Wow! It’s been a while since my last post, so I feel obligated to provide some sort of explanation. It’s been a busy start to the new year. My wife and I had our first baby, Ava, near the end of January, and there was a tremendous amount do in preparation for her winter arrival. And of course there’s been even more to do ever since she joined us nearly four weeks ago! As you might expect, the past month has been a complete blur. We’re a bit overwhelmed but are managing to adapt to life with a newborn. We’re extremely fortunate that everything went well, and we have a happy and healthy baby.
Improbable Ventures is meant to be primarily about rockets, from theoretical rocket science to my practical misadventures in high power rocketry (much more to come on this topic soon). But it is also meant to be broader, encompassing related projects and ventures, and it’s impossible to completely separate it from my own personal life as well – which is why you might see me writing the occasional article about a class I’m taking, or a recent trip or hike I took, or a new baby.
As a sleep-deprived new father, I’m not sure that I have anything particularly profound to say about parenthood that hasn’t been said much more eloquently by other people, many times before. It’s exciting and exhausting. I thought it would be a lot of work, but it turned out to be more than I’d imagined. It’s not particularly complicated; it’s just that virtually nonstop, around the clock care is required.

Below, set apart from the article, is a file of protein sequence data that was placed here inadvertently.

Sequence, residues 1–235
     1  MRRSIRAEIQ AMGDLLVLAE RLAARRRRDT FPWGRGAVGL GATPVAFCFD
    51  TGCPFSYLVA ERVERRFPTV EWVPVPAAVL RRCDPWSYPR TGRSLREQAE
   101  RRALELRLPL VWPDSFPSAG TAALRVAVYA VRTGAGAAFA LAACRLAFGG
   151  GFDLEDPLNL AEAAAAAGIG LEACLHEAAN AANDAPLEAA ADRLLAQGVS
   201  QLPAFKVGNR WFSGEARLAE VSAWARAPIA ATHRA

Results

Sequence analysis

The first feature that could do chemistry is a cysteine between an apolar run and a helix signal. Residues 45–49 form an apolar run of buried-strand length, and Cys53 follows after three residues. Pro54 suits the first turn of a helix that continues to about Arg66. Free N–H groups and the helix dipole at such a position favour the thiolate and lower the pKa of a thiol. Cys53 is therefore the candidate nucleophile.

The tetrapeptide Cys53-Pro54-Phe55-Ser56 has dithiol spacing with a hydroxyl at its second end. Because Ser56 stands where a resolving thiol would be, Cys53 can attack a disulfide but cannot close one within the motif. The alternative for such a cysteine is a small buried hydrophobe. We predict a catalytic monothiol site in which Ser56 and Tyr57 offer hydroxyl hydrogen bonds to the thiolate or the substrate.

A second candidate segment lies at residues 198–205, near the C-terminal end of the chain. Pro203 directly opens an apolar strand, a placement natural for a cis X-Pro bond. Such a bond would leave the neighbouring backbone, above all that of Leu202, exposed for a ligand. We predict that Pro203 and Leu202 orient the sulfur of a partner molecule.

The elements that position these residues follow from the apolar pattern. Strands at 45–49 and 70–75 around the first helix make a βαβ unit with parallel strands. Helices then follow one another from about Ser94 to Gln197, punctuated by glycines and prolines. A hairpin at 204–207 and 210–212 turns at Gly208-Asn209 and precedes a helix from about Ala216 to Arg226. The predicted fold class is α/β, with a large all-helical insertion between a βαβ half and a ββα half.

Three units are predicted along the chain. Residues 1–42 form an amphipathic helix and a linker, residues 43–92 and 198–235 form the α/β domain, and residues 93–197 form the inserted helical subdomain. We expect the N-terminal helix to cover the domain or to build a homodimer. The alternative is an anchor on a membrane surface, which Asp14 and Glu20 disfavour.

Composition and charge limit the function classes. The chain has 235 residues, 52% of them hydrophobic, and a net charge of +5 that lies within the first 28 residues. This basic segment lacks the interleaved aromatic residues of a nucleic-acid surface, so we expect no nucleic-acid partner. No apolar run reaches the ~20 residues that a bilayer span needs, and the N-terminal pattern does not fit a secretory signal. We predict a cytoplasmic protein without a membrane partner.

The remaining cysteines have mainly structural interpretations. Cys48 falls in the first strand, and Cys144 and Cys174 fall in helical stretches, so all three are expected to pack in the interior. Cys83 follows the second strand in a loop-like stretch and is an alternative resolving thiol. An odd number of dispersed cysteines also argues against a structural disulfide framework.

More interesting than any perspective I can provide is the baby’s point of view. What a dramatic difference to go from being in the womb – totally dark, almost like a sensory deprivation chamber except for hearing mom’s heartbeat and her voice on a regular basis – to suddenly (unwillingly) being born. It must be total sensory overload, except you have no words for anything, no way to describe your experience even within your own mind, and no way to understand anything that’s happening or what might come next. The baby has never had to use her lungs and breathe on her own before, or feel hunger, do things like drink and swallow milk, and suddenly she is forced to figure all of this out – and fast.